Effectiveness of physical activity interventions in achieving behaviour change maintenance in young and middle aged adults: A systematic review and meta-analysis.

Murray (1982)
Summary by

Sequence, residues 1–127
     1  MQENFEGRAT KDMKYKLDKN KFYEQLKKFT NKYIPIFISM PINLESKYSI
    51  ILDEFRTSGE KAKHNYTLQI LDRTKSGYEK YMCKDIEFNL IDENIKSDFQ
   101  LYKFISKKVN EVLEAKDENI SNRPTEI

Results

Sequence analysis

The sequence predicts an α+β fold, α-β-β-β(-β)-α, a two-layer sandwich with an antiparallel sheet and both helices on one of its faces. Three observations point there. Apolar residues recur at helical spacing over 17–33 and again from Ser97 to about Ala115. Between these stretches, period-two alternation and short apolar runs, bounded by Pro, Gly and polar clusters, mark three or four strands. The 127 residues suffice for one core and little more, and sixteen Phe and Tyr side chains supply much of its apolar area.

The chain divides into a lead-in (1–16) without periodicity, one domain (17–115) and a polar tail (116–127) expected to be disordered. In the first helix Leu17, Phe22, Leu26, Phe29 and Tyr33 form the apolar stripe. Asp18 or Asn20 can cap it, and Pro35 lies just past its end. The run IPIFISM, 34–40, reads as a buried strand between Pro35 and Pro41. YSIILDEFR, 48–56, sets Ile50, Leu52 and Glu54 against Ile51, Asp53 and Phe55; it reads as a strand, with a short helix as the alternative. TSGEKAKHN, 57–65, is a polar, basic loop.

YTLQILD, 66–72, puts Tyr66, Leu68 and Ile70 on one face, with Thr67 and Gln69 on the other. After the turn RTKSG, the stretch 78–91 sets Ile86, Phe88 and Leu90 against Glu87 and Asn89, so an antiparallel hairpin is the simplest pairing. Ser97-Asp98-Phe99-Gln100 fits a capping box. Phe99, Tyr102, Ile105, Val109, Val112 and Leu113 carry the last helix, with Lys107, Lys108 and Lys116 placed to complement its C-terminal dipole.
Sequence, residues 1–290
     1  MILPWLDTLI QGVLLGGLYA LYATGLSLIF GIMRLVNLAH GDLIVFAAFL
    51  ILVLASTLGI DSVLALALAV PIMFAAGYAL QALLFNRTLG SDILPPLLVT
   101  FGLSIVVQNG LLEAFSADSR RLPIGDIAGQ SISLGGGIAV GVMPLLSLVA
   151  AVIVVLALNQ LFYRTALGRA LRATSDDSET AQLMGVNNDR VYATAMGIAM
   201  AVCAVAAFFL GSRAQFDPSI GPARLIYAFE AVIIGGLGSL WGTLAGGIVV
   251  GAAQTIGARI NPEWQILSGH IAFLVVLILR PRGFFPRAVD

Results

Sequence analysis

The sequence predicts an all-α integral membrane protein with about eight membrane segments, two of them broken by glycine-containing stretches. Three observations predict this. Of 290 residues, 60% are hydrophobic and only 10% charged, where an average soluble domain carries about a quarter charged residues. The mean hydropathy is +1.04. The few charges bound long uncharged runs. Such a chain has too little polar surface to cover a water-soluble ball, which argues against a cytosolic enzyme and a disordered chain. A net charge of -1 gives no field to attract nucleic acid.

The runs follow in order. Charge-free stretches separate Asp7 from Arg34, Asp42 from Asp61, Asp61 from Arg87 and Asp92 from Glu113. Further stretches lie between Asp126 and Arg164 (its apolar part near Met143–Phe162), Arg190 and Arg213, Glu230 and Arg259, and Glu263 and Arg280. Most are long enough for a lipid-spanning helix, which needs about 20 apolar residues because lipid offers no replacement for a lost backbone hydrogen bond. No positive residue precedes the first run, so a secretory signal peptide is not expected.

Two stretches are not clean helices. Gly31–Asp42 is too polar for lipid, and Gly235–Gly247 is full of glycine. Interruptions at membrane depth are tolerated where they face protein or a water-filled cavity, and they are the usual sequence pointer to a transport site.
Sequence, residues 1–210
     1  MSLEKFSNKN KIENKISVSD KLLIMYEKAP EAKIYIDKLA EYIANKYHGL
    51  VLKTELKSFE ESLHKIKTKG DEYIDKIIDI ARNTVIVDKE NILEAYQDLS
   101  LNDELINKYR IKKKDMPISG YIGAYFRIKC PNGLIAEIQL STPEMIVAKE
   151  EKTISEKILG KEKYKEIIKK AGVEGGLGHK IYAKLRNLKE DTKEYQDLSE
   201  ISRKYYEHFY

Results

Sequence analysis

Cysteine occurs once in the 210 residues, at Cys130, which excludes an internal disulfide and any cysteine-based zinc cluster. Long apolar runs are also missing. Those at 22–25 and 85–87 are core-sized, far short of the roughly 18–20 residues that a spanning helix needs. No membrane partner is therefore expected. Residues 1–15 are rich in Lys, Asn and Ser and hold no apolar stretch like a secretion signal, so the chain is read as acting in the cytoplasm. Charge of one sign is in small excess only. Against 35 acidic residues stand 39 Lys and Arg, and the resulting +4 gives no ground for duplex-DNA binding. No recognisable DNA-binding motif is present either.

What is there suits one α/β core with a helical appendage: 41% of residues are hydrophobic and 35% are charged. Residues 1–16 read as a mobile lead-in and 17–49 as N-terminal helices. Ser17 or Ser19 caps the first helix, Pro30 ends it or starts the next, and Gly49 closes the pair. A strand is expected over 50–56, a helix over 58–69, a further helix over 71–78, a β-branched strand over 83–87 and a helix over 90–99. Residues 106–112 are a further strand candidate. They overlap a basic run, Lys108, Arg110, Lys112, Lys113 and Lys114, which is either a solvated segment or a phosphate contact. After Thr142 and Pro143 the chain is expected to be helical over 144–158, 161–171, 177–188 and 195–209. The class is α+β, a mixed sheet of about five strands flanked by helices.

Physical activity (PA) interventions are generally effective in supporting short-term behaviour change, but increases are not always maintained. This review examined the effectiveness of PA interventions for behaviour change maintenance in young and middle-aged adults, and investigated which Behaviour Change Techniques (BCTs) and other intervention features were associated with maintenance. Six databases (Medline, EMBASE, PsycINFO, Cochrane Database of Systematic Reviews, CINAHL, Web of Science) were systematically searched. Eligibility criteria were controlled trials investigating the effectiveness of PA interventions with adult (mean age 18-64 years) non-clinical populations using validated measures of PA behaviour at baseline and ≥six months post-baseline. Results were pooled in meta-analyses using standardised mean differences (SMD) at five time intervals (6-9, 9-15, 15-21, 21-24, >24 months). Moderator analyses investigated the influence of sample and intervention characteristics on PA maintenance at 6-9 months. Sixty-two studies were included. PA interventions had a significant effect on behaviour maintenance 6-15 months post-baseline relative to controls. Interventions had a larger effect on maintenance at 6-9 months (SMD=0.28; 95% CI: 0.20, 0.35; I2=73%) compared to 9-15 months (SMD=0.20; 95% CI: 0.13, 0.26; I2=70%). Beyond 15 months, PA measurements were infrequent with little evidence supporting maintenance. Moderator analyses showed some BCTs and intervention settings moderated PA outcomes at 6-9 months. A multivariable meta-regression model showed interventions using the BCTs Prompt self-monitoring of behavioural outcome (b=1.46, p<0.01) and Use of follow-up prompts (b=0.38, p<0.01) demonstrated greater effectiveness at promoting PA maintenance at 6-9 months. Interventions implemented in primary care (versus community or workplace/university) settings (b=-0.13, p=0.10) tended to demonstrate less effectiveness. This review provides evidence of some effective BCTs for maintaining behaviour to 15 months. Greater consideration must be given to how future interventions encourage and measure maintenance of changes, and investigate broader psychological, social and environmental influences of PA behaviour. PROSPERO 2015:CRD42015025462.